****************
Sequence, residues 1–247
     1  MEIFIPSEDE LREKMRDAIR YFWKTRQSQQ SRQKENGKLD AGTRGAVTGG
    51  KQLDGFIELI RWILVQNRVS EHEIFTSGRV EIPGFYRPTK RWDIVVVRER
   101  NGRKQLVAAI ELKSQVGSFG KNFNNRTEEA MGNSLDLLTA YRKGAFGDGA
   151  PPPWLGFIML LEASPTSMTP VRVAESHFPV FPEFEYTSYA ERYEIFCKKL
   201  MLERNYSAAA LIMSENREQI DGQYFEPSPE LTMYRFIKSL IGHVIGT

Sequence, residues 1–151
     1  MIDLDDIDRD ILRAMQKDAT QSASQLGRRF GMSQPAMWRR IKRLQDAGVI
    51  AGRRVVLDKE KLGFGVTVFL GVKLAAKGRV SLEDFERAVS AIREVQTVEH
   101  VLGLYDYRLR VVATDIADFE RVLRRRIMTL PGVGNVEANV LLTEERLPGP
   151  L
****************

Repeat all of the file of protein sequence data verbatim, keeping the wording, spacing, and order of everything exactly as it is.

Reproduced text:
Sequence, residues 1–247
     1  MEIFIPSEDE LREKMRDAIR YFWKTRQSQQ SRQKENGKLD AGTRGAVTGG
    51  KQLDGFIELI RWILVQNRVS EHEIFTSGRV EIPGFYRPTK RWDIVVVRER
   101  NGRKQLVAAI ELKSQVGSFG KNFNNRTEEA MGNSLDLLTA YRKGAFGDGA
   151  PPPWLGFIML LEASPTSMTP VRVAESHFPV FPEFEYTSYA ERYEIFCKKL
   201  MLERNYSAAA LIMSENREQI DGQYFEPSPE LTMYRFIKSL IGHVIGT

Sequence, residues 1–151
     1  MIDLDDIDRD ILRAMQKDAT QSASQLGRRF GMSQPAMWRR IKRLQDAGVI
    51  AGRRVVLDKE KLGFGVTVFL GVKLAAKGRV SLEDFERAVS AIREVQTVEH
   101  VLGLYDYRLR VVATDIADFE RVLRRRIMTL PGVGNVEANV LLTEERLPGP
   151  L